A frame challenge in the form of a little history.
TL;DR: Nobody invented the silicon transistor. It was always known that where germanium worked, silicon would work too. What needed to be perfected was how to manufacture sufficiently pure silicon crystals, and from the very beginning the race was on.
Silica was of course always known. Stone Age people made tools out of flint, of which the Latin name is silex. (That's silec-s, stem silic-.) By the end of the 18th century, chemists began to suspect very strongly that silica was the oxide of an unknown element, for which Sir Humphry Davy FRS proposed the name silic-ium, with -ium because he believed that the still not yet isolated element was a metal. Silicium was first isolated in pure-ish form by Berzelius, in 1823, and it was not a metal; hence, the name silic-on, like bor-on and carb-on.
By the middle of the 19th century, sufficiently many elements were known that chemists began searching for some sort of order in the chaos. After quite a few good but incomplete attempts, the prize went to the Russian chemist Dmitri Mendeleev, who had the idea of arranging the elements in a two-dimensional table in increasing order of their atomic weights. (How atomic weights were discovered and measured is a fascinating story; the names of the English chemist John Dalton FRS and of the Swedish chemist Jacob Berzelius feature prominently.) Mendeleev's table showed that the elements which fell in the same column had similar chemical and physical properties, with the columns showing definite trends as one went top to bottom.
The table was published in 1871. But in order for his table to show those beautiful periodic trends, Mendeleev had to leave empty boxes in the table, to be occupied by yet undiscovered elements. This is one of the best examples of scientific prediction. Three of the elements prophesized by Mendeleev were eka-boron (later discovered by Lars Fredrik Nilson and named scandium), eka-aluminium (later discovered by Lecoq de Boisbaudran and named gallium), and eka-silicon, discovered by Clemens Winkler in 1886 and named germanium. (Gallium and germanium because Lecoq de Boisbaudran was French and Clemens Winkler was German...)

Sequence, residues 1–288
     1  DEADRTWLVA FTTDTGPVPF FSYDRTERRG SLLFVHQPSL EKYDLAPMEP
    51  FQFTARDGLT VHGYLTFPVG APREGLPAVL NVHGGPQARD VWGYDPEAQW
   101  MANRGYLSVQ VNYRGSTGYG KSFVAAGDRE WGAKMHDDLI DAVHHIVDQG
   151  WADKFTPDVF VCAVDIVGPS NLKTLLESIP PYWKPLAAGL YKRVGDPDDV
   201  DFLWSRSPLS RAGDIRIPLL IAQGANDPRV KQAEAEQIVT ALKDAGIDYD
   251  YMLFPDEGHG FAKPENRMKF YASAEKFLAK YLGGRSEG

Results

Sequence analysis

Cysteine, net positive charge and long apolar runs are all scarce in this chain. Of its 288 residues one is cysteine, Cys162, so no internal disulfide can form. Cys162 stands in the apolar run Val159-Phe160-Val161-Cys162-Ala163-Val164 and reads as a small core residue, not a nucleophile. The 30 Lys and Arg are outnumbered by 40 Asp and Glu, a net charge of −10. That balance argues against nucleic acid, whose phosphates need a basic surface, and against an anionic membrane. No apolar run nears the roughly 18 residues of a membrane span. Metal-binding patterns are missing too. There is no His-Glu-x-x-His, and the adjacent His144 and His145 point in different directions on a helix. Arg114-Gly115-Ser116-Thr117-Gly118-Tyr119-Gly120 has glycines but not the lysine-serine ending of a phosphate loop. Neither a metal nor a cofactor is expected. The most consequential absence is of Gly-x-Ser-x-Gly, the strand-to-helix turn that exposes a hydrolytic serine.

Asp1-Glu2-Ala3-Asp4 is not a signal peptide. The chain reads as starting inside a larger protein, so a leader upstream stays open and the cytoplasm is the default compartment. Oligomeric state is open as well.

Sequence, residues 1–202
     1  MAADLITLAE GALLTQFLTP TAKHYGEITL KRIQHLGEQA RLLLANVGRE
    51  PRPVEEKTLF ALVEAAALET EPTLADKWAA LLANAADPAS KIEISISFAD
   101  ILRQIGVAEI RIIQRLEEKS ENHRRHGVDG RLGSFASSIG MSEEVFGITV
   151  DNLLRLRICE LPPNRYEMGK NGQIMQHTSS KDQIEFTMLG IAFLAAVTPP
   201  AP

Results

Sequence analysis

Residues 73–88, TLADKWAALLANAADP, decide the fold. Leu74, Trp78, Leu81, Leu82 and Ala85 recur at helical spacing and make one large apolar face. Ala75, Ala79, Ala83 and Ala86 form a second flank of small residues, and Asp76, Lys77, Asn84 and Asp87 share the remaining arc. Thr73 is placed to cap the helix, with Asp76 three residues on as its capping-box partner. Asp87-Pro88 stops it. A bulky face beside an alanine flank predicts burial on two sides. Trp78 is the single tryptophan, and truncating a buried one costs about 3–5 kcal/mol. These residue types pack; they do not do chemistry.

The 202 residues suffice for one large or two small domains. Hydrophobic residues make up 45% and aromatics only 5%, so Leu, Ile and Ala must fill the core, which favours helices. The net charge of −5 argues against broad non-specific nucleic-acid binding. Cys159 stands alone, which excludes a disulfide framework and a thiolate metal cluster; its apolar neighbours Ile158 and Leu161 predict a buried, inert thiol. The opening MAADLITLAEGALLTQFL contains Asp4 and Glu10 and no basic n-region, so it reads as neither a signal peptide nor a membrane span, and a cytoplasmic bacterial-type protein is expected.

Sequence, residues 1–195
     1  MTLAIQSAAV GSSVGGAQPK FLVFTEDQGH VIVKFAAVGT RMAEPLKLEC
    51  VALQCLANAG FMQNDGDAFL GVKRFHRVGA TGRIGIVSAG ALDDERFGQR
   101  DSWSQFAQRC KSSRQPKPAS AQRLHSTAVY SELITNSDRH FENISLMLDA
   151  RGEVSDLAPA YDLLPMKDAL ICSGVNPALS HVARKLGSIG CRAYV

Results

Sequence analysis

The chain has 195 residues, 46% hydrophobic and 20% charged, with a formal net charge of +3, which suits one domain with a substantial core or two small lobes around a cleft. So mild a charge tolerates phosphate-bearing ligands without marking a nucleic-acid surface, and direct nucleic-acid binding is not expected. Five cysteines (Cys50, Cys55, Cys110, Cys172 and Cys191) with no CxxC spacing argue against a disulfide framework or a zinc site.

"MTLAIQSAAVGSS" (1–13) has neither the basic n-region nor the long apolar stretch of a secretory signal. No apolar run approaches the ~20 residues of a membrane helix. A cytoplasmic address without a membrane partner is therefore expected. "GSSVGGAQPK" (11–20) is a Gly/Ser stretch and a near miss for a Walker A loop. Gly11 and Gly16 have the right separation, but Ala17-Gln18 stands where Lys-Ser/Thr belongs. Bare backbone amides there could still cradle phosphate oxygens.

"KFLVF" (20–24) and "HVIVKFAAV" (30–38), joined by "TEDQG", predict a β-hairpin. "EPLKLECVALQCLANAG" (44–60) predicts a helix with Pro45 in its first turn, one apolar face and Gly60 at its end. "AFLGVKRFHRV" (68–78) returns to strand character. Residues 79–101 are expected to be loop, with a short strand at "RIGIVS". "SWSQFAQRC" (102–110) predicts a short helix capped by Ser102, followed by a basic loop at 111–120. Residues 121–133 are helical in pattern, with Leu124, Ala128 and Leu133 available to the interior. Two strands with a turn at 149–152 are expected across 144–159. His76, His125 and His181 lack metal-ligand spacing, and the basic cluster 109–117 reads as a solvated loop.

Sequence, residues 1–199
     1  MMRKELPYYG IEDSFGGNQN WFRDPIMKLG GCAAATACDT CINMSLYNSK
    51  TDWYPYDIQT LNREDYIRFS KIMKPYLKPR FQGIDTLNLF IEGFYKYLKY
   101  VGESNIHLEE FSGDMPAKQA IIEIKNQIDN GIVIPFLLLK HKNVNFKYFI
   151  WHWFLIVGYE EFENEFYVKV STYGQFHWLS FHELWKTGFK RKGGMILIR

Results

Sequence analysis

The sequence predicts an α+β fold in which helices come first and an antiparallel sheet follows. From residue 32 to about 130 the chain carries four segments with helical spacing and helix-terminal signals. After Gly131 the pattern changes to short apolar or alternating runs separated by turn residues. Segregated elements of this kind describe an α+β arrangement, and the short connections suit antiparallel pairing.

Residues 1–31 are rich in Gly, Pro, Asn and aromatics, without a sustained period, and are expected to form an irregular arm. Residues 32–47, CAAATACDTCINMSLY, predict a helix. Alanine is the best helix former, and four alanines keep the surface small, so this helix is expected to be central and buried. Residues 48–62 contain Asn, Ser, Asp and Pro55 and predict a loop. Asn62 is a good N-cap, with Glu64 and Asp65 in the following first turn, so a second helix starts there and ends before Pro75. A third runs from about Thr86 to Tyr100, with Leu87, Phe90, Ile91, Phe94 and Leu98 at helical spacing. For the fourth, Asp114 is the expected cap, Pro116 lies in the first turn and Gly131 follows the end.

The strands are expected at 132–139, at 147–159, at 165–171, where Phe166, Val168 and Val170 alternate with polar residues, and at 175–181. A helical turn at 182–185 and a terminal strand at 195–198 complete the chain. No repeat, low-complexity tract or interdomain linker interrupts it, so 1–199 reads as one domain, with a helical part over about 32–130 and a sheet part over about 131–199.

Eka- means one in Sanskrit. Mendeleev was friends with the notable Sanskritist Otto von Böhtlingk, so he named his predicted elements using Sanskrit eka- and dvi- prepended to the name of the element in the table which fell in the same column above the empty boxes.
The point is that germanium was always known to be similar to silicon, fifteen years before germanium was discovered. There was no point in time when germanium was known and it was not known that germanium and silicon had similar properties.
When William Shockley and his colleagues at Bell Labs invented the transistor in 1947 using germanium crystals, they already knew that silicon would work too. Herbert Mataré had already developed germanium and silicon rectifiers for use with German radar during the Second World War. The problem was only manufacturing pure silicon crystals, and several competing teams were already working on the problem. In the end, the first silicon transistor was demonstrated at Bell Labs by Morris Tannenbaum in January 1954 as a one-off wonder; but, unknown to him, Texas Instruments' Gordon Teal was much more advanced in the quest for a practicable industrial process, and by May 1954 TI's silicon transistors came on the market.